Even before you reach Hekseville and see Gravity Rush 2’s full scope, Jirga Para Lhao is an incredible setting. The developers at Sony and Project Siren/Team Gravity heard the criticisms of the first game — that it was fun to zip through the air but there was little else to do — and this living, expansive, absurdly detailed city is their answer.
The city itself is one of the game’s best characters
On your arrival Kat is given a camera she’ll often use on missions, and you can take it out any time to snap photos with various filters, props and costumes. But one of the game’s best (and sneakiest, rarely mentioned) features is the photo collections you can unlock. They give you vague hints like “a woman advertising by the pier,” and you have to snap the subject’s portrait with zero other guidance. Doing these early on can help you learn the lay of Jirga’s expansive land, and also highlights just how much thought went into crafting every island, avenue, and arch in the city.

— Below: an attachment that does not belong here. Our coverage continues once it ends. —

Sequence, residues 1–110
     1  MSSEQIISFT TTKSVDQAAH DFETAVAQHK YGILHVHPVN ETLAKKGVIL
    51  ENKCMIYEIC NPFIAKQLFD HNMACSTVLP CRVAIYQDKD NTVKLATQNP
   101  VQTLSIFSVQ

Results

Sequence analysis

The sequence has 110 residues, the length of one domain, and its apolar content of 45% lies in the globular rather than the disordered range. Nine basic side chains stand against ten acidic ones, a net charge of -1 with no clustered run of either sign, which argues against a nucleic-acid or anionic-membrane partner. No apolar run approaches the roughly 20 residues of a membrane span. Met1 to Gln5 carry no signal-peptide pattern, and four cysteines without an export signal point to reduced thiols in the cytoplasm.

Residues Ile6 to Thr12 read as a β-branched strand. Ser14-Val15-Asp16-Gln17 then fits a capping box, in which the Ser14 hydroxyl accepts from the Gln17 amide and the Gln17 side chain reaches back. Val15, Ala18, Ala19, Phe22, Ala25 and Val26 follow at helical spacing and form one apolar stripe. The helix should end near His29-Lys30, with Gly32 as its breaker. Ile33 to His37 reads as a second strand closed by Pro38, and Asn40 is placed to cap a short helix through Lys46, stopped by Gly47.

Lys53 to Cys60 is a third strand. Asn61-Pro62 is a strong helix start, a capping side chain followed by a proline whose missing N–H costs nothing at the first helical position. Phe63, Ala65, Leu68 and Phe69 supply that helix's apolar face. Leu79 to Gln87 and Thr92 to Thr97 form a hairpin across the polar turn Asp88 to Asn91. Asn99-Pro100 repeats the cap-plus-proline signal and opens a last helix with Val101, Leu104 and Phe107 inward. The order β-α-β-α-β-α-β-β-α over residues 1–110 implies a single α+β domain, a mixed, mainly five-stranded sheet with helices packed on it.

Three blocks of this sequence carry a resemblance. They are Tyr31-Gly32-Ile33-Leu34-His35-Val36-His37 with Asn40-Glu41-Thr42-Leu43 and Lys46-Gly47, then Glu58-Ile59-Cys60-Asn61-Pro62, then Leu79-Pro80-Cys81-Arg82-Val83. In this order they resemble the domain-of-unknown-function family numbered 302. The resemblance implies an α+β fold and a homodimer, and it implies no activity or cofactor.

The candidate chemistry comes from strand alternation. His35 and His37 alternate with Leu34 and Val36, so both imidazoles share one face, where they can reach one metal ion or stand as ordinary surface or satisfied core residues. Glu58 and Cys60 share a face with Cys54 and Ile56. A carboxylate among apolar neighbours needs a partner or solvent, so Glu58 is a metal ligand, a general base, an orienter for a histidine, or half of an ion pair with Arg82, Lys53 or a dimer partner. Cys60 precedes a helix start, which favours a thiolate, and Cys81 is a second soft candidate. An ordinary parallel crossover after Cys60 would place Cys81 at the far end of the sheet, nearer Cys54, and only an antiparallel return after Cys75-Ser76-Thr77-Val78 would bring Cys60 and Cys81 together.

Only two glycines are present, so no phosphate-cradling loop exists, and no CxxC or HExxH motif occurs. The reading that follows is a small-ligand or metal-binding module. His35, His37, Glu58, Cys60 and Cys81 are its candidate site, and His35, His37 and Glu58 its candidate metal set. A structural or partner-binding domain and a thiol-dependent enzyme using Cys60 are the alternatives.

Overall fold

The camera also has a tripod feature that enables Kat to take selfies, and it can be fun just to strike a pose next to the world’s many colorful characters. Whenever you take a photo you can then upload it to the game’s servers, which lets other players happen on them within the game world and give you “nice” ratings. These and other features, like treasure hunts and challenges you can share with friends, translate into Dusty Tokens, a meta-currency that unlocks additional poses and costumes for Kat, as well as Talismans that can alter her abilities.
Side-quests done right
Gravity Rush 2 has enough side quests to rival any RPG on the market, and like the game’s story missions they range in quality from unforgettably great down to unfathomably terrible, and everywhere in between. Stealth missions are surprisingly frequent given that the game doesn’t have the features (radar, enemy sight lines, sneaking mechanics) that make stealth games tick. And far too many quests ask you to tediously approach passersby one-by-one ad nauseum until you find the right one.
On the other hand, there’s just as many that are great — a side quest where a food stall owner has ordered too many fresh ingredients and you have to use your gravity powers to bodily toss customers at him before the food expires, or the one where you have to simply help a dog find its lost toy.